|© UNICEF Haiti/2004|
GONAIVES, Haiti, 29 September 2004 – UNICEF Executive Director Carol Bellamy walked through the ravaged streets of this northern city today to see how Haiti is struggling to recover from its third major disaster in five months.
Water and mud have devastated Gonaives, killing almost a thousand children, and leaving many more missing or homeless. Haiti is the poorest country in the western hemisphere; it will take years for the country to recover from the devastation left by Tropical Storm Jeanne.
After seeing the scale and impact of the crisis first hand, Bellamy said: “These people need help. I am returning to New York to advocate for more funding – not just for UNICEF’s work but for the entire UN response. Haiti’s child survival indicators were terrible before Jeanne, but the world doesn’t stop in a humanitarian emergency. We have to move fast to save lives.”
• Total population (2002): 8,218,000
• Life expectancy: 49 years
• Net primary school enrolment / attendance (1996-2002): 54%
• Estimated number of children with HIV/AIDS: 19000
• Total number of orphans 610,000
UNICEF has helped set up 20 centres in Gonaives to care for people made homeless by the floods. But many public buildings are being used by families as collective shelters, without any organization or security. UNICEF is concerned about the safety of children left unprotected and exposed to violence and abuse in the volatile atmosphere.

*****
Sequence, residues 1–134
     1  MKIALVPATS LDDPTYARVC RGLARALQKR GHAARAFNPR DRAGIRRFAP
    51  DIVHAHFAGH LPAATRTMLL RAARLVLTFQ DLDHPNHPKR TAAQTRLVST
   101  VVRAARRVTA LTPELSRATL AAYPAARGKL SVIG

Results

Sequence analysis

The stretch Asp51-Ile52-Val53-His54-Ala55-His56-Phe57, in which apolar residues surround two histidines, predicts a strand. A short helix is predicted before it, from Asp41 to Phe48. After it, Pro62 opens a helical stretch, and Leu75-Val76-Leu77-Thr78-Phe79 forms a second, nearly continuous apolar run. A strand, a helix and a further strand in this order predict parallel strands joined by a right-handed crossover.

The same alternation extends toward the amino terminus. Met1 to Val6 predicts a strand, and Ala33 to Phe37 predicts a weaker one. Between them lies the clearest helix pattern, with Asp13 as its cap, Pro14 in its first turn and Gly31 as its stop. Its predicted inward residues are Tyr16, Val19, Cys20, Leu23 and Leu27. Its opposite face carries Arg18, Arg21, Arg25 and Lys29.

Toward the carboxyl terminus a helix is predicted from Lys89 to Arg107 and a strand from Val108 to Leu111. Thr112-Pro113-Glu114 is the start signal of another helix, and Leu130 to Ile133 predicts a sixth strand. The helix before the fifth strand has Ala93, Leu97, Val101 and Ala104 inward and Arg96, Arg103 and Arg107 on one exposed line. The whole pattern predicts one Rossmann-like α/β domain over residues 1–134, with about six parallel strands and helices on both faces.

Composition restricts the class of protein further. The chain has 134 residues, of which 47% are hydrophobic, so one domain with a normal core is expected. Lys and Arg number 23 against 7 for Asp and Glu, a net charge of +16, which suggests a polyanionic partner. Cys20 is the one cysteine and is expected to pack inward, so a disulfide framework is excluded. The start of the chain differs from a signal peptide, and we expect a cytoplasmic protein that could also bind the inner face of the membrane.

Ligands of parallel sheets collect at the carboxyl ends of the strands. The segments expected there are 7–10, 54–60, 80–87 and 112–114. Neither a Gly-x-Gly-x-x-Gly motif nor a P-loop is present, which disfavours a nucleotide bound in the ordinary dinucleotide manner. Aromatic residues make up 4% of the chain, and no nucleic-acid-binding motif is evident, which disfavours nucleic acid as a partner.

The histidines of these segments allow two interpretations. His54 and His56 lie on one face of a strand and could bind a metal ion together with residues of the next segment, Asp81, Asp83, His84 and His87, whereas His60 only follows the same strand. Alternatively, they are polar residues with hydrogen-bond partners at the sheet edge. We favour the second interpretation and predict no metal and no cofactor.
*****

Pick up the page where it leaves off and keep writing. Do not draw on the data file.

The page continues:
Fighting has broken out at aid distribution points and UN peacekeepers have been trying to maintain security. The city is also without electricity or clean water.
Many children are suffering from diarrhoea, which can kill if left untreated. UNICEF has sent protein biscuits and 400,000 sachets of water purification powder to the worst-affected areas.
This has been one of the most difficult year’s in Haiti’s turbulent history. The rebellion in March caused conflict throughout the country and floods earlier this year killed thousands of people.
Carol Bellamy on ABC News
Bellamy Haiti visit supports children of Gonaives
Disease and violence threaten Haiti’s flood-stricken children
Rush to aid children in shelters